Why is under-diversification a problem?  The less diversification you have in your portfolio, the more susceptible you are to market volatility exerting undue influence on your savings.  Investing in your home country leaves you open to swings that could be counterbalanced by investing in international markets.  From 1991 to 2013, almost half of the time international stocks outperformed US stocks, sometimes by as much as 22%.   Overinvesting in your own company can leave you doubly exposed: for one, you’re already “invested” in your company by virtue of working there and drawing a salary from it.  If an economic downturn were to occur, you may lose compensation or be furloughed, and you’d see a decrease in your retirement assets as well, giving you a double dose of financial pain.  Choosing only stocks whose products you’re familiar with opens you up to a similar problem.  The S&P 500 is grouped into 11 sectors; it’s highly unlikely that you come into direct contact with each of these sectors on a regular basis.  

One way to address familiarity bias is to alter your perspective.  Say to yourself, “if I just won $1,000,000 in the lottery, would I only invest in what I already know?”  The answer is probably not.  Another way to address this is to talk through your investments.  Having a sounding board, such as a financial advisor, to work through investment choices can be an excellent way to avoid getting caught in this financial trap.

The Gambler’s Fallacy

Let’s say you’re sitting at the slot machine in Vegas.  You’ve been playing for hours, and you haven’t heard any bells ring.  You need to keep playing, right?  Aren’t you due for a big payout?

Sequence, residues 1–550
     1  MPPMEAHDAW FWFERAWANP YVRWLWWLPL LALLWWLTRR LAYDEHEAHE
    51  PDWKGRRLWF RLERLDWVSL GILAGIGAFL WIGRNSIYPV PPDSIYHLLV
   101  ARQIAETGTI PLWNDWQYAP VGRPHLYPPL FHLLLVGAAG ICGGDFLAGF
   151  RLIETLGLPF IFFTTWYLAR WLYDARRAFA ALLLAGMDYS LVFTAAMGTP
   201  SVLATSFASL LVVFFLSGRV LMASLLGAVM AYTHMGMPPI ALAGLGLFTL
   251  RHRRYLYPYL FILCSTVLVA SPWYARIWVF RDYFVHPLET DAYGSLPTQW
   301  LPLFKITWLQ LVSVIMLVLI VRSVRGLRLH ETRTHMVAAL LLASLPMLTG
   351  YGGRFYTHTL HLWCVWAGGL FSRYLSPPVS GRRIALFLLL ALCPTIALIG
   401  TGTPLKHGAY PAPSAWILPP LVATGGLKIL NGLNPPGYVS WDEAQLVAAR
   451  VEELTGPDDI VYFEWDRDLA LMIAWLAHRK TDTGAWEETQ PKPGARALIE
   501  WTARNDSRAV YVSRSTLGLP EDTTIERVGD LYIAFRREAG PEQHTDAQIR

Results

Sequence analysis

Well… no.  This is an example of the Gambler’s Fallacy, the belief that future probabilities are altered by past events.  This is a product of “representativeness” and leads us to overly rely on rules of thumb, or “stereotypical thinking”.

How does this impact investing?  Let’s say, instead of a slot machine, you’re watching the S&P.  It has a week of big positive returns, so you place a short-sale trade (betting the market will fall).  It’s due, right? What goes up must come down, trees don’t grow to the sky.  Well, no.   A run of good returns doesn’t necessarily foretell a bad return.

How does this affect investors?  We’ve been in a bull market for over a decade now.  A lot of investors are starting to get nervous, feeling like we’re due for a downturn.  As such, they may prematurely bow out of the market before the signs and data say that they should.  

How can you address the Gambler’s fallacy? Take a disciplined, data-driven approach to investing.   Simply knowing about the fallacy can help you avoid falling for it. Learn to see each event as a new beginning rather than a continuation of what previously transpired.  Ask your advisor about this for more information.

 Conclusion

To put it simply, people are complicated.  They can only process so much information, and they often bring emotion into logical decision. This can result in approaching investments too confidently, only investing in what they already know, or believing an event is “due” for a payday.  The first step to beating these biases is understanding them.  After that, talk to a financial advisor about how to make sure your assets are invested to help you achieve your financial independence and retirement goals.